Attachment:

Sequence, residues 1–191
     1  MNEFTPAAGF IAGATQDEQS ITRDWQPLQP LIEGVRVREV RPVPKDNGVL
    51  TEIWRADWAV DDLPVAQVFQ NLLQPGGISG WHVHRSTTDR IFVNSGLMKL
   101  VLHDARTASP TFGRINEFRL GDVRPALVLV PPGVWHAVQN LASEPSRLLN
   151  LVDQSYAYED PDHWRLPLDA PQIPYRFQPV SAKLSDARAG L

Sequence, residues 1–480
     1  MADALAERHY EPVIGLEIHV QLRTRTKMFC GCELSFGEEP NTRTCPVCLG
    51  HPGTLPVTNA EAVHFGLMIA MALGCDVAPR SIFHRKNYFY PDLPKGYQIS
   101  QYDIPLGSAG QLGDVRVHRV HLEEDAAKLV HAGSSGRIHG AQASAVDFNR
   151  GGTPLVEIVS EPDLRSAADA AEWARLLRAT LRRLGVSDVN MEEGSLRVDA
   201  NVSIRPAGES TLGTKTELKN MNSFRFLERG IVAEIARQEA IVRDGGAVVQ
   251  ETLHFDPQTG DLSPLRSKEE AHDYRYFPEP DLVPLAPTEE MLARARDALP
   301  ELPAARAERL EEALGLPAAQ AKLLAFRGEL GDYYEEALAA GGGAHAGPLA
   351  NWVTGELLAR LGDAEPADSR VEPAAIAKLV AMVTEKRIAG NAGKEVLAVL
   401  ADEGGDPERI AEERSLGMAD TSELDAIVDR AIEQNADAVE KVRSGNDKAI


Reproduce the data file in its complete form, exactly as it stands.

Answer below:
Sequence, residues 1–191
     1  MNEFTPAAGF IAGATQDEQS ITRDWQPLQP LIEGVRVREV RPVPKDNGVL
    51  TEIWRADWAV DDLPVAQVFQ NLLQPGGISG WHVHRSTTDR IFVNSGLMKL
   101  VLHDARTASP TFGRINEFRL GDVRPALVLV PPGVWHAVQN LASEPSRLLN
   151  LVDQSYAYED PDHWRLPLDA PQIPYRFQPV SAKLSDARAG L

Sequence, residues 1–480
     1  MADALAERHY EPVIGLEIHV QLRTRTKMFC GCELSFGEEP NTRTCPVCLG
    51  HPGTLPVTNA EAVHFGLMIA MALGCDVAPR SIFHRKNYFY PDLPKGYQIS
   101  QYDIPLGSAG QLGDVRVHRV HLEEDAAKLV HAGSSGRIHG AQASAVDFNR
   151  GGTPLVEIVS EPDLRSAADA AEWARLLRAT LRRLGVSDVN MEEGSLRVDA
   201  NVSIRPAGES TLGTKTELKN MNSFRFLERG IVAEIARQEA IVRDGGAVVQ
   251  ETLHFDPQTG DLSPLRSKEE AHDYRYFPEP DLVPLAPTEE MLARARDALP
   301  ELPAARAERL EEALGLPAAQ AKLLAFRGEL GDYYEEALAA GGGAHAGPLA
   351  NWVTGELLAR LGDAEPADSR VEPAAIAKLV AMVTEKRIAG NAGKEVLAVL
   401  ADEGGDPERI AEERSLGMAD TSELDAIVDR AIEQNADAVE KVRSGNDKAI